“... God gives wealth, possessions, and honor, so that they lack nothing of all that they desire, yet God does not enable them to enjoy these things, but a stranger enjoys them. This is vanity: it is a grievous ill.”
~Ecclesiastes 6:2 (NRSV).
To a rich man (or woman) this situation must be a grave ill, but to the poor it is justice. God owns everything. When we die we bequeath all our worldly possessions to our family, or those we entrust them to, but eventually any wealth is spread indivisibly. And this is not countering for divorce, bankruptcy etc which tend to work the very same way.
One of the best lessons to learn in life is that if you can touch anything and it doesn’t breathe, or doesn’t have a soul, it’s worthless in eternity.
And the truth is we’re living eternally, now. Planet earth is base camp, that’s all.
Bridging Covetousness in the Material World
Our first problem is overcome as soon as we see the folly and deception at play in acquiring and possessing material possessions. We might as well enjoy others’ acquisition and possession of these things—then we’d not have to pay for them or worry about how well we’ll use (or not use) them.
Owning many things adds to our burden and complicates life. It runs against the grain of the spiritual life. Giving away $50 to a needy person makes us feel great, however. Money cannot buy this kind of joy.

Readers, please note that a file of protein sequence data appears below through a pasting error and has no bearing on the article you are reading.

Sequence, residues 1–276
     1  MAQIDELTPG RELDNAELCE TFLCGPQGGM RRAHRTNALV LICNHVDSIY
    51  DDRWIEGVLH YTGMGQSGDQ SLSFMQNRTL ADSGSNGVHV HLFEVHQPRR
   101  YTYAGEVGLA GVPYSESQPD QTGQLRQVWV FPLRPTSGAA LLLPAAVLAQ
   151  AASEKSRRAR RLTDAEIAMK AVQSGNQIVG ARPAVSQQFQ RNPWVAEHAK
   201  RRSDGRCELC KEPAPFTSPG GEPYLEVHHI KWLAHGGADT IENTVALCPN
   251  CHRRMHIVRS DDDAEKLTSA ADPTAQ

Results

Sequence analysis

This kind of joy is supremely powerful over the clamour for greed. Give something away, even against our ‘better’ judgment, and see what God does with that. But just don’t give the item away... truly give the whole thing away, including any notions of prior ownership, for the devil holds us to ransom over them in a flash.
It is Better to Have Very Little
Notwithstanding serious and genuine poverty, which is a recipe for hopelessness not one better we can find, it is better by far to have very little, so long as we’re not concerned for a lack of security.
It is actually a wise place to find ourselves—at peace with our world just the way it is, without want or need of anything.
If we’re prepared to kiss all our belongings goodbye now—without discussing those with genuine spiritual value like family photographs and knickknacks—then we will know a better relationship with God, almost certainly.
With this sort of void in place we create room for God to come in and give us perhaps what we’ve always wanted but somehow could never quite define or know our way there.
Suddenly it has materialised—this spiritual peace we’ve always yearned for.
© 2010 S. J. Wickham.